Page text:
Thursday, July 22, 2010

Audiobook of the month: Every Last One by Anna Quindlen (and a giveaway!)

Today we start a new series of recommendations on audiobooks. Each month we'll share with you an audiobook we loved to listen to.

We have a special interest in audiobooks as we believe they represent one of the options to read books sustainably, especially when you download them - an option that represents right now about 21% of all sales (the rest are CDs). Therefore we would like to encourage you to take this option into consideration when you're thinking about your next literary purchase!

Our audiobook for this month is:

Every Last One

Anna Quindlen
ANNA QUINDLEN is the author of several bestselling novels (Rise and Shine, Blessings, Object Lessons, One True Thing, Black and Blue), and nonfiction books (Good Dog. Stay., Being Perfect, Loud & Clear, A Short Guide to a Happy Life, Living Out Loud, Thinking Out Loud, How Reading Changed My Life). She has also written two children's books (The Tree That Came to Stay, Happily Ever After). Her New York Times column "Public and Private" won the Pulitzer Prize in 1992. Her column now appears every other week in Newsweek.

Read by: Hope Davis

Publisher: Simon & Schuster Audio

Published on: April 2010

What this book is about?
The latest novel from Pulitzer Prize-winner Anna Quindlen

In this breathtaking and beautiful novel, the #1 New York Times bestselling author Anna Quindlen creates an unforgettable portrait of a mother, a father, a family, and the explosive, violent consequences of what seem like inconsequential actions.

Mary Beth Latham has built her life around her family, around caring for her three teenage children and preserving the rituals of their daily life. When one of her sons becomes depressed, Mary Beth focuses on him, only to be blindsided by a shocking act of violence. What happens afterwards is a testament to the power of a woman's love and determination, and to the invisible lines of hope and healing that connect one human being with another. Ultimately, as rendered in Anna Quindlen's mesmerizing prose, Every Last One is a novel about facing every last one of the things we fear most, about finding ways to navigate a road we never intended to travel, and about living a life we never dreamed we'd have to live, but find ourselves brave enough to try.

What we think about it?
I certainly agree with the description of "Every Last One" as a"breathtaking and beautiful novel". I listened to it while driving and I can tell you this audiobook got me to drive more slowly on my way home just because I couldn't stop listening to it. I hope the other drivers (and my wife) could forgive me..

Nevertheless, it's not an easy story to listen to. I don't want to get too much into it, not to ruin it to those of you who haven't listened to it yet, but I can say it gets you very emotional. And this is again the place to remind the great advantage of an audiobook - when it's narrated well, it generates another dimension to the story and it gets to you in a way that a physical book, or even an e-book just never does. And the reader of "Every Last One", the wonderful Hope Davis, is doing a great job, so this added value can definitely found here.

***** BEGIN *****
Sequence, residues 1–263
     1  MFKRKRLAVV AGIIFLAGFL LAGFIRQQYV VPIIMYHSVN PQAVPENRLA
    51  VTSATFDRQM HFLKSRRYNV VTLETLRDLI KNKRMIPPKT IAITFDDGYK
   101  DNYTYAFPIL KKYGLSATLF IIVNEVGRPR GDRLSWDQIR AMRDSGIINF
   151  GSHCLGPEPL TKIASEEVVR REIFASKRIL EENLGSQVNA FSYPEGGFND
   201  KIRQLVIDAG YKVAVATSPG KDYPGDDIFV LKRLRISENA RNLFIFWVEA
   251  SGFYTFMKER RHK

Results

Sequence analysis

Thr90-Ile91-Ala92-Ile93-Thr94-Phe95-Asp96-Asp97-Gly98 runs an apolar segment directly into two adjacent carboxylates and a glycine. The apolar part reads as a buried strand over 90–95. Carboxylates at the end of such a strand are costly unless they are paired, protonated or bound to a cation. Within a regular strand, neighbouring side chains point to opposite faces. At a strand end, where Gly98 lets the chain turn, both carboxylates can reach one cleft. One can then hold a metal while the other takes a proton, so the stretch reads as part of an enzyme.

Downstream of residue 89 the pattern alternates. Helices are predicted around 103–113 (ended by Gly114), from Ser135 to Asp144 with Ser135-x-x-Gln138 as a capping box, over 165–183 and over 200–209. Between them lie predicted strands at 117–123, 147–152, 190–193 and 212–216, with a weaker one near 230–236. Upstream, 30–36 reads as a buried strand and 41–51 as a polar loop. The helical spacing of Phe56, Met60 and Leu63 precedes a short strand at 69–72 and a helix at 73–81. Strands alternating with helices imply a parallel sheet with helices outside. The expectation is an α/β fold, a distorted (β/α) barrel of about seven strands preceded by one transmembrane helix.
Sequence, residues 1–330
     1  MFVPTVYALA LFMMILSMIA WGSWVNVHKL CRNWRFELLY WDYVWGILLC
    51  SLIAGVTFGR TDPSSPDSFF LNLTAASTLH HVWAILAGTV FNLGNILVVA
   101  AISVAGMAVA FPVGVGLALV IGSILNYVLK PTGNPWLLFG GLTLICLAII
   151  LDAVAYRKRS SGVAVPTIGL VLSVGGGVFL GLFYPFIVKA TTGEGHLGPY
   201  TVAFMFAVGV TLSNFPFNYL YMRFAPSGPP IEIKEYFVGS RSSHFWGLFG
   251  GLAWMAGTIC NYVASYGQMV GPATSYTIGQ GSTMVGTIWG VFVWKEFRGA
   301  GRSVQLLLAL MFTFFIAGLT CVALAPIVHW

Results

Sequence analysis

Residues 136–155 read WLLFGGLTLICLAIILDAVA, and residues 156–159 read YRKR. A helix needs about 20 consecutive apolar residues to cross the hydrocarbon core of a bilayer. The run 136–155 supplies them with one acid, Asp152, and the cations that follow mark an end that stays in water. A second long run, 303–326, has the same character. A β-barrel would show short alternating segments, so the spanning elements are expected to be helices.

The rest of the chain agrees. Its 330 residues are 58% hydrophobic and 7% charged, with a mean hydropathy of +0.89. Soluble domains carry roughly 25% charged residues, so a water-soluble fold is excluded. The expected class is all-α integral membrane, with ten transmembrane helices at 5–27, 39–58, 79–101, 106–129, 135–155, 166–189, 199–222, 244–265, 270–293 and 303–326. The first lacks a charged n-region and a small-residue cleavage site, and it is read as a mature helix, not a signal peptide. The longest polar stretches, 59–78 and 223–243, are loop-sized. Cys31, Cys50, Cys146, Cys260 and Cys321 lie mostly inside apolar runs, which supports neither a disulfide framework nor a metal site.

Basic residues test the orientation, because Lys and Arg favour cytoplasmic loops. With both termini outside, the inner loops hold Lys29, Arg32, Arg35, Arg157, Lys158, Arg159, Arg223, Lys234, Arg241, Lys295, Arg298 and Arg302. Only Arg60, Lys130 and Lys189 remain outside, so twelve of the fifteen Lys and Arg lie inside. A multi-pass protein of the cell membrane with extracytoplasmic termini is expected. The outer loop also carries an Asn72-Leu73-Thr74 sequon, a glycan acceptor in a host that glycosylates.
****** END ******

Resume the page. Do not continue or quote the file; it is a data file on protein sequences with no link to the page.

The story as the description mentions is about facing every last one of the things we fear most, and I know not everyone might not feel comfortable to deal with fears. At least I know I don't. But even so I felt this journey with the Latham family was worthwhile and I was happy I took it.

Bottom Line: Recommended! Don't forget to put some tissue in your glove compartment!

Disclosure: We received a copy of this book from the publisher.

You can listen here to the author, Anna Quindlen, talking about the audiobook:


We're giving away one copy of this audiobook, courtesy of the publisher.

How you can win? Very simple. All you have to do is to retweet this post with the hashtag #everylastone. We will have a raffle on Thursday, July 29, 5:00PM EST between all the readers that retweeted this post. The winner will be announced the following day.

Raz @ Eco-Libris

Eco-Libris: Promoting sustainable reading!


Cassie M said...

I retweeted @cjm92995

Espana said...

This is going to be a hard book to review. I really don't want to give the story away because it has some shocking parts that really need to be felt. I have enjoyed other Anna Quindlen books- Blessings, One True Thing, and Black and Blue. Anna has a way to take us into situations that can be quite uncomfortable and makes one feel so many different emotions all at once. This book is no different.

Brasil said...

This book brought me to tears - which is highly unusual for me. Although not a huge fan of Ms. Quindlan's fictional work in the past (though I love, love, love her non-fiction and am hard-pressed to consider a Newsweek issue complete without her column), I will pay her the ultimate compliment here: This book taught me something about myself. By presenting her characters so clearly, especially Mary Beth Latham (like myself, a mother of three), I was able to confront some truths about humans in general and myself in particular, and perhaps I can grow from those realizations.

Danmark said...

This story is an intense and shocking family drama which I enjoyed very much. Anna Quindlen's characters are very detailed and very real and seem quite like people with whom I have interacted in my forty years in the educational field. Having been a middle school vice-principal for fifteen years and dealing with thirteen to fifteen year olds everyday, I felt as if I knew these children and their emotions and problems were very common in that age range as well as with high school students. Anna Quindlen's descriptions of the marital situations of the parents is quite an honest picture of the stress of parenthood of today.